Taking a Peek at Peer-to-Peer Lending

Peer-to-peer lending can earn you a higher rate of return than a savings account or certificate of deposit—as long as you're careful.

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I’m not much of a risk-taker when it comes to investing. I live by the old adage, “Be wary of investments you don’t understand.” That limits a lot of my options.

Plus, I’ve been writing about personal finance for almost seven years now. I’ve learned how the markets work. And for the most part, they seem to work by milking average investors like you and me of our hard-earned money. (Don’t believe me? Read the Pulitzer-prize winning Den of Thieves; it’ll make you never trust a banker or broker again.)

For the past few years, all of my investments have been in two things: municipal bonds and index funds. These are investments I understand. They’re investments with very little “drag” — there aren’t a lot of brokerage fees being skimmed off the top before I get my share. I’ll never earn spectacular returns, but I feel confident that I’m never going to suffer catastrophic losses either.

Lately, though, another investment option has caught my eye: peer-to-peer (P2P) lending.

P2P lending basically works like this: Somebody who needs to borrow money goes to a company like Prosper or Lending Club and applies for credit. Once approved, the borrower is assigned to a risk category, which determines the interest rate of the loan(s) he or she receives. Then, that loan is funded by an individual investor (or group of investors) who acts as the lender.

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This turns out to be a good deal for borrowers because they get a better interest rate than they might through a traditional bank loan or credit card. But it’s also a good deal for lenders because they earn a higher return than they can through a savings account or certificate of deposit. (And, of course, it’s a good deal for the company arranging the loan because it skims money off every transaction.)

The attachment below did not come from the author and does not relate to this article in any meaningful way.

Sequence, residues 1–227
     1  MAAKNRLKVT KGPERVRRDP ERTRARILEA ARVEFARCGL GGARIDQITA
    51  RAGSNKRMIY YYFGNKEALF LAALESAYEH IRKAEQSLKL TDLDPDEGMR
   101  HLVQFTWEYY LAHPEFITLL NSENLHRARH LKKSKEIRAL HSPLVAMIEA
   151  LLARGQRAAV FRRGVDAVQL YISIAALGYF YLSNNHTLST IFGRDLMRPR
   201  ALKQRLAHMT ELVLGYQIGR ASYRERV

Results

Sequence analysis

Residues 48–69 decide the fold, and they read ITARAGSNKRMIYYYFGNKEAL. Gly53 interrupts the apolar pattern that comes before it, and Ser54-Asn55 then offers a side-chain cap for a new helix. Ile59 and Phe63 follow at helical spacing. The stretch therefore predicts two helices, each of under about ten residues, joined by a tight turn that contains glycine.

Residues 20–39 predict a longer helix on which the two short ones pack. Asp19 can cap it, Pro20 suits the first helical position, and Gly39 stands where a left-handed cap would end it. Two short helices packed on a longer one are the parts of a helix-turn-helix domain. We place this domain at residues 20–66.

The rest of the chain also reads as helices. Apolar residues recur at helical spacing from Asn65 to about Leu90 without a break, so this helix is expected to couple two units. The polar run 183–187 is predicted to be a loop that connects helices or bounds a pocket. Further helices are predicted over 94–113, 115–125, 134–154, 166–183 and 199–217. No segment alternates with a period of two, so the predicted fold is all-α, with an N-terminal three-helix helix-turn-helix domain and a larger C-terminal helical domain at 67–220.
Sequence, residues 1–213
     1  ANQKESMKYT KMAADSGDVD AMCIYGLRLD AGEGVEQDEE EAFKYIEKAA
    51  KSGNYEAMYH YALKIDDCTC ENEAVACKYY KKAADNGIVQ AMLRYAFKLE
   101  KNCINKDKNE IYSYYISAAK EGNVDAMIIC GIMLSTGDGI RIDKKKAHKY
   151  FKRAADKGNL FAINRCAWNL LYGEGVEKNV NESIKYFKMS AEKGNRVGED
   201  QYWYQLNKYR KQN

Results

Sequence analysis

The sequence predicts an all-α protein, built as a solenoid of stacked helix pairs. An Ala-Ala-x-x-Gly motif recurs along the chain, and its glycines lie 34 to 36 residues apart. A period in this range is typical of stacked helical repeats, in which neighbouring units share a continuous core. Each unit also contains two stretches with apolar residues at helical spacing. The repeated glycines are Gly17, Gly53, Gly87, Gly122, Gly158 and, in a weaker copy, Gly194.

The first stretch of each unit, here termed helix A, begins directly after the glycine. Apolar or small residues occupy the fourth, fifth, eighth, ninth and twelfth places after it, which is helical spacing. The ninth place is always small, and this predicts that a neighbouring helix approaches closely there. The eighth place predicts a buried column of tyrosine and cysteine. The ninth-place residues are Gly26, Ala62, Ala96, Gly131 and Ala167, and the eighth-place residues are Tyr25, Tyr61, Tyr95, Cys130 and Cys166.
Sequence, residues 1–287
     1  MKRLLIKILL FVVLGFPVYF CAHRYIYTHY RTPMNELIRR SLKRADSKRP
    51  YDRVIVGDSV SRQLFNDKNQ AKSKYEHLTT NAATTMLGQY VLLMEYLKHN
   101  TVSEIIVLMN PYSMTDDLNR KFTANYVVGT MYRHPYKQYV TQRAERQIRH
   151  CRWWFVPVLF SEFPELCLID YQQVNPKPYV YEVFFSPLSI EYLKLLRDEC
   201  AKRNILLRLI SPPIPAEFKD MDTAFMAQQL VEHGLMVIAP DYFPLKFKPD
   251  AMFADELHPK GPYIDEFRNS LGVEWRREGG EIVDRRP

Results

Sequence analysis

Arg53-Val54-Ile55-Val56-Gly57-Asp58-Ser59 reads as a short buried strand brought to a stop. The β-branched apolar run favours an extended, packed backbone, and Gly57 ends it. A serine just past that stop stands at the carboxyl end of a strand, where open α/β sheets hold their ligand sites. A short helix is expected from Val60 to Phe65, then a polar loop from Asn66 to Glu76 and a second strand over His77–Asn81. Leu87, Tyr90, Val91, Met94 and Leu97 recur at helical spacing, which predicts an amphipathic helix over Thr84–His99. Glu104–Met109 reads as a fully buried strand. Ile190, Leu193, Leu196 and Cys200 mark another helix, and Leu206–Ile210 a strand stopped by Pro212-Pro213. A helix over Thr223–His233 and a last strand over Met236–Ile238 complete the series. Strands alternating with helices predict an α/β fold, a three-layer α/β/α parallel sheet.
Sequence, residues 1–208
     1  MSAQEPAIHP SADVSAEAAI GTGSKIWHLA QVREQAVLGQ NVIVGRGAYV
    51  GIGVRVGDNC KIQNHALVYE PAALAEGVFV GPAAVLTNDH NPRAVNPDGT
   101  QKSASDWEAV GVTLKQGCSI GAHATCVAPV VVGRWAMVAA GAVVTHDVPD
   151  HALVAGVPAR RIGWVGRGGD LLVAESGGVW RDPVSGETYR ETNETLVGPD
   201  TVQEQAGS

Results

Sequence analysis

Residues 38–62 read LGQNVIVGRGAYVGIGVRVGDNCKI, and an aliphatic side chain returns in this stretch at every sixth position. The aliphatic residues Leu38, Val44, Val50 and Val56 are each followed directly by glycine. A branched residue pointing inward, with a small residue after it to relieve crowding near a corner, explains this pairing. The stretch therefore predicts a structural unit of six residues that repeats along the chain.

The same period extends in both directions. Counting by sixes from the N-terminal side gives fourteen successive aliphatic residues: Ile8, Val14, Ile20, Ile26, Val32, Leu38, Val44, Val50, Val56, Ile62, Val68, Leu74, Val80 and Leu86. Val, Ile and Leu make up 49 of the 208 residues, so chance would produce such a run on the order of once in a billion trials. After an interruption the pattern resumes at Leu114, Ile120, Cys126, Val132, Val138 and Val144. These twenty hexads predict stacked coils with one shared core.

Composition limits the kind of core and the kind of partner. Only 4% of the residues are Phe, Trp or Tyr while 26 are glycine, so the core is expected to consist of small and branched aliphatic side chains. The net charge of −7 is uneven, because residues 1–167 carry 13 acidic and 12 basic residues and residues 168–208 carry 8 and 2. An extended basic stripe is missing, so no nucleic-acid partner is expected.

P2P lending has been around for six or seven years, but I’ve always been wary of it until now.

Over the past few months, I’ve talked with several other financial writers who have begun to experiment with P2P lending. Like me, they’re cautiously optimistic about the potential returns.

Recently, on a trip to San Francisco, I had a chance to stop by the headquarters of Lending Club, the largest P2P company in the U.S. Earlier this month, they reached one billion dollars of loans funded. I spoke with the company’s CEO and founder, Renaud Laplanche, about why I should put my money into P2P loans.

“We focus on providing good terms to borrowers with good credit rather than chasing borrowers with bad credit,” Laplanche told me. “We decline over 90% of the loan applications we receive. That’s the price we pay to deliver predictable performance to investors.”

Laplanche told me that P2P lending — at least through his company — has less volatility than the stock market. The ups and downs aren’t nearly as nerve-wracking. But the price you pay is a lack of liquidity; you can’t just sell your notes the way you might sell a stock or mutual fund.

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And if I invest some of my money in P2P loans, how will the poor economy affect performance? Laplanche says Lending Club weathered the market crash of 2008-2009 just fine. “The main macroeconomic factor that has an impact on investors is the unemployment rate. More specifically, the rate of job loss.” In other words, if unemployment is increasing, borrower default rates increase and investor returns decrease.

My main concern is putting all of my money into a handful of loans. If one borrower defaults, I’m screwed. Laplanche assured me that isn’t a problem. “It’s quite simple to achieve diversification,” he said. “Our website automates the process.” In fact, he told me that no investor who has ever taken out more than 800 notes (at $25 each) has ever lost money. “If you can’t reach the 800 note threshold, even 400 notes or 200 notes is good diversification,” Laplanche said.